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Patti Maguire Armstrong introduces a new read-aloud about St. Juan Diego and Our Lady of Guadalupe.

In the dark, quiet, still of the night, Juan Diego’s pre-dawn trek at the bottom of Tepeyac Hill in Mexico, was like his many others. But on December 9, 1531, an amazing sound of beautiful music like signing bird broke the silence and stopped him in his tracks. Then the music ceased.

In the book Our Lady of Guadalupe and Her Dear Juanito, author Sr. Marlyn Evangelina Monge continues the story.

Then, a gentle voice called out in his native Language, Nahuatl, "Juanito, Juan Dieguito." He recognized the affectionate nickname but wondered who was calling him.


Our Lady of Guadalupe


The beautiful lady beckoned Juan to come closer and she asked him where he was going. Juan explained that he was on his way to Mass in Tlatelolco to learn more about the faith. Sr Monge quoted the lady’s response.

“My dearest son, I am the ever-Virgin Mother of the true God. I want a church built on this site so that I can be a faithful Mother to you and all the people of the land. It will be a place where I can lead all my children to God. A placed where people can come to seek my help. I am a compassionate Mother to all who cry out for mercy, to all who entrust their worries and fears to me and to people of different ancestries. I am your Mother.”


The feast of Our Lady of Guadalupe is celebrated on December 12, the day of the last appearance in which Our Lady led Juan to beautiful roses, blooming on the hill out of season to provide proof to the skeptical Bishop Zumarraga of Mexica that indeed, Our Blessed Mother had appeared and requested that a church be built in her honor. The even bigger miracle was revealed a short time later and the Bishop Zumarraga of Mexico went from doubting to believing when he beheld the miraculous image of Our Lady on Juan’s tilma.

It is an astounding story that quickly turned Mexico into a Catholic country. A mere ten years after the appearance to Juan Diego, a historian of the time wrote that  nine million people in Mexico had converted to Catholicism. Many had been Aztecs and their practice of human sacrifice abruptly ended without war but rather through Our Lady of Guadalupe. She is known as the Patroness of the Unborn because she was pregnant with Jesus in the image.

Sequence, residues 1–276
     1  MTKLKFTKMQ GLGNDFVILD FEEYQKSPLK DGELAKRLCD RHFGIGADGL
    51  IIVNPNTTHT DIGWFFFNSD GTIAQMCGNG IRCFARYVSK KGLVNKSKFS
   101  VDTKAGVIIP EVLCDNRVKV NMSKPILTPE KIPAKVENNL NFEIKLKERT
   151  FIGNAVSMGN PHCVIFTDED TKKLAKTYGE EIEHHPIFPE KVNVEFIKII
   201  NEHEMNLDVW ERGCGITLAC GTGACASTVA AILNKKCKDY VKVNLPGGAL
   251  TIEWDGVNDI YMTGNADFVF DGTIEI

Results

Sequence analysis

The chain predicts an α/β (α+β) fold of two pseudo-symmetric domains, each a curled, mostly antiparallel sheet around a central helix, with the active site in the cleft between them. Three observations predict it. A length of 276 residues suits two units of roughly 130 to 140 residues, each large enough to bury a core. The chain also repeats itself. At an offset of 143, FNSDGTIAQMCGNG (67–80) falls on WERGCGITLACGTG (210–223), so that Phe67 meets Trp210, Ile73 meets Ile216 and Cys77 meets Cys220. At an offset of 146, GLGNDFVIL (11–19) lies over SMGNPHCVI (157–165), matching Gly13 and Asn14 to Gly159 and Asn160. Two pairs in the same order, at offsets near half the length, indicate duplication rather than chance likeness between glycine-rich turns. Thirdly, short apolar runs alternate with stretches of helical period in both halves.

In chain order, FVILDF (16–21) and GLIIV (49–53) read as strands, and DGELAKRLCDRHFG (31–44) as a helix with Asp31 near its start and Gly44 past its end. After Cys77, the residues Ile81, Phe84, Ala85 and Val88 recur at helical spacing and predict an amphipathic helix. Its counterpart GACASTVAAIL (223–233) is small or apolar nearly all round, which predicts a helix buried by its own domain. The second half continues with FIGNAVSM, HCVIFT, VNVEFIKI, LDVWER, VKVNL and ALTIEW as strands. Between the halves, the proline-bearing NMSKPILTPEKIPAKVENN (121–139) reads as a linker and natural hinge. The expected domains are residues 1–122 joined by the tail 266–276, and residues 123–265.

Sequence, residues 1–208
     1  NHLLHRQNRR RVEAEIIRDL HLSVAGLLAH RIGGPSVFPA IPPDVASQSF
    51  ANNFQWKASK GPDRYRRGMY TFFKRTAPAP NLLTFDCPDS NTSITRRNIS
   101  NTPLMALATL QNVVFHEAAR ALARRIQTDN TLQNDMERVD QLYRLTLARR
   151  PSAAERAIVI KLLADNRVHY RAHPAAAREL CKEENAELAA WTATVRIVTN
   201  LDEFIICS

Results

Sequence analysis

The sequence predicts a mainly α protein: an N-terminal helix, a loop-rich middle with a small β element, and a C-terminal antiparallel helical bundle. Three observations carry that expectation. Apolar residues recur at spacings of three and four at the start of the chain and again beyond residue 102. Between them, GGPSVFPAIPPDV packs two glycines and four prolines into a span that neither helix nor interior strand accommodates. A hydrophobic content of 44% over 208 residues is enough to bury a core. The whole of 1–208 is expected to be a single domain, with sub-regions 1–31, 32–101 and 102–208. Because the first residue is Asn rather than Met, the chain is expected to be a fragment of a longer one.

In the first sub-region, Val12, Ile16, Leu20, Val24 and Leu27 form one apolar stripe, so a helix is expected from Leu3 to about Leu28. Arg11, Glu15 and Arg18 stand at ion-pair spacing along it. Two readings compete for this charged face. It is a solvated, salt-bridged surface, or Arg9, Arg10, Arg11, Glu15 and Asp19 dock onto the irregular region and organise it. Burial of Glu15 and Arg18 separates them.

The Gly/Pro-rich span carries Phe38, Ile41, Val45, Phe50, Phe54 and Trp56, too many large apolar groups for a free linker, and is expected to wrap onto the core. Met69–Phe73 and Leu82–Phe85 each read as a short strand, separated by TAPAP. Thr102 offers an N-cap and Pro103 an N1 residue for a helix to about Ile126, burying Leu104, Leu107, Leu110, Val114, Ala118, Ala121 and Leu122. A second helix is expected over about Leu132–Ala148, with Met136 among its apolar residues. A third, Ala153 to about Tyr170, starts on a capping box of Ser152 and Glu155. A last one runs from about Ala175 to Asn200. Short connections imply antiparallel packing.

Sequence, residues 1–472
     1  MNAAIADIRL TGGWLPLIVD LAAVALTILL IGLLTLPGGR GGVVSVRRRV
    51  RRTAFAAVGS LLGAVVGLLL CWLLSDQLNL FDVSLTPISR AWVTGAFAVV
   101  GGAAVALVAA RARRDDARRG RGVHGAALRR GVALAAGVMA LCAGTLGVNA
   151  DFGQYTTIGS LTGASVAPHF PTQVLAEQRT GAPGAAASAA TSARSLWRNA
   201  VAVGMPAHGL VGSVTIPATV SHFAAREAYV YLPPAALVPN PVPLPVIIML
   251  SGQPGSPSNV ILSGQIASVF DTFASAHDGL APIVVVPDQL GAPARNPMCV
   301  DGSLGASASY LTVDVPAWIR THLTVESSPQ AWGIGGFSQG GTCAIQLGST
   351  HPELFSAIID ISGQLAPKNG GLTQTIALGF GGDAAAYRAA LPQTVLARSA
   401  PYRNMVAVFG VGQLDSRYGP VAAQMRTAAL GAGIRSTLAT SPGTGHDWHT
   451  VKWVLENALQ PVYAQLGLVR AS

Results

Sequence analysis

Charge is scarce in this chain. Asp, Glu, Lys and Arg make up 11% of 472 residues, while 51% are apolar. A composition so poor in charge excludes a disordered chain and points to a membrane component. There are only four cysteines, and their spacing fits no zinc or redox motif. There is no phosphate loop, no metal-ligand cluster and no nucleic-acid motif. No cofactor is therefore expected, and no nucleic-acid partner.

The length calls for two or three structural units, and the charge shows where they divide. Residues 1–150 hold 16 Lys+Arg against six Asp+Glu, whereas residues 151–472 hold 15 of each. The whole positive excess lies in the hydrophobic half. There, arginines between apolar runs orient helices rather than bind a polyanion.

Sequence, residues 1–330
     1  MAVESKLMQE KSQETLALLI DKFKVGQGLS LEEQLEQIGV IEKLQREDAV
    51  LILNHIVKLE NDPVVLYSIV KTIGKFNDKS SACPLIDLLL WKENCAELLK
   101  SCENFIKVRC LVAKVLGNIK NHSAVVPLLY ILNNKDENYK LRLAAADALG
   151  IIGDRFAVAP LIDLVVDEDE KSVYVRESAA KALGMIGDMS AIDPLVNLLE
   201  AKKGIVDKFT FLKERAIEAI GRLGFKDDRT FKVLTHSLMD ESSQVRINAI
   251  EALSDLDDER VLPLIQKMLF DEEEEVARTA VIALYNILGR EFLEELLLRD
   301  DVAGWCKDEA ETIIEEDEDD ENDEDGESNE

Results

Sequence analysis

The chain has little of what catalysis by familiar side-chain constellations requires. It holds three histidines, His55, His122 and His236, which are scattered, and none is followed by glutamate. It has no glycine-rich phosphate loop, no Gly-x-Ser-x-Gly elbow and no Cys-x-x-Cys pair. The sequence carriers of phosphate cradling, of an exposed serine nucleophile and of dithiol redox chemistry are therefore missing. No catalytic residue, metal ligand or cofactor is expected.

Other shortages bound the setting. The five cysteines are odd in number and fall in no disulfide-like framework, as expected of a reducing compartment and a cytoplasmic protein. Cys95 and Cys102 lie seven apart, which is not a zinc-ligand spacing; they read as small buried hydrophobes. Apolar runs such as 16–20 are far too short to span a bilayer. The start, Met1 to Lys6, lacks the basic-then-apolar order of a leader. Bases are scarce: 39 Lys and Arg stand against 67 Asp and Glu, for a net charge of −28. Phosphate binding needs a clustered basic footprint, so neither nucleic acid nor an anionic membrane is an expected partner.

The story continues to touch hearts throughout the world. Today, the Basilica of Santa María de Guadalupe attracts some twenty million visitors a year to see for themselves the image of our Heavenly Mother’s loving presence that she left behind. It is the most visited Catholic site in the world where people can attend Mass and view Our Lady of Guadalupe imprinted on the tilma, a brown-skinned woman in a starry blue mantle with her hands folded in prayer. It is an image ubiquitous in Mexico today.

I have been to Mexico to visit Basilica and view the tilma two times. The love that the Mexican people have for Our Lady of Guadalupe is apparent. For instance, in the early morning, just before the gates to the shrine open, passers-by on their way to work or for a pre-dawn run, will stop to kneel or bow and say a short prayer before continuing on. At a nearby hotel where we stayed, in the top floor where the exercise room was, there was an image of Our Lady of Guadalupe on a wall around a corner. I had wondered why an employee was standing there for a time, looking up. After he left, I went to look at the wall and realized it had Our Lady of Guadalupe painted on it and the employee had stopped to silently talk with her.

The story of Our Lady’s appearance to Juan Diego is one every child can cherish and never grow out of unlike make-believe characters of childhood. Monge’s book tells the story clearly, not talking down, so that even adults can be inspired as they read through the pages filled with vibrant illustrations. The hard-cover book includes prayers and an illustrated guide to the symbols on the image of Our Lady of Guadalupe. Look for this book at your local Catholic bookseller or order online at PaulineStore.com.


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Copyright 2022 Patti Maguire Armstrong
Images: Pauline Books & Media, all rights reserved.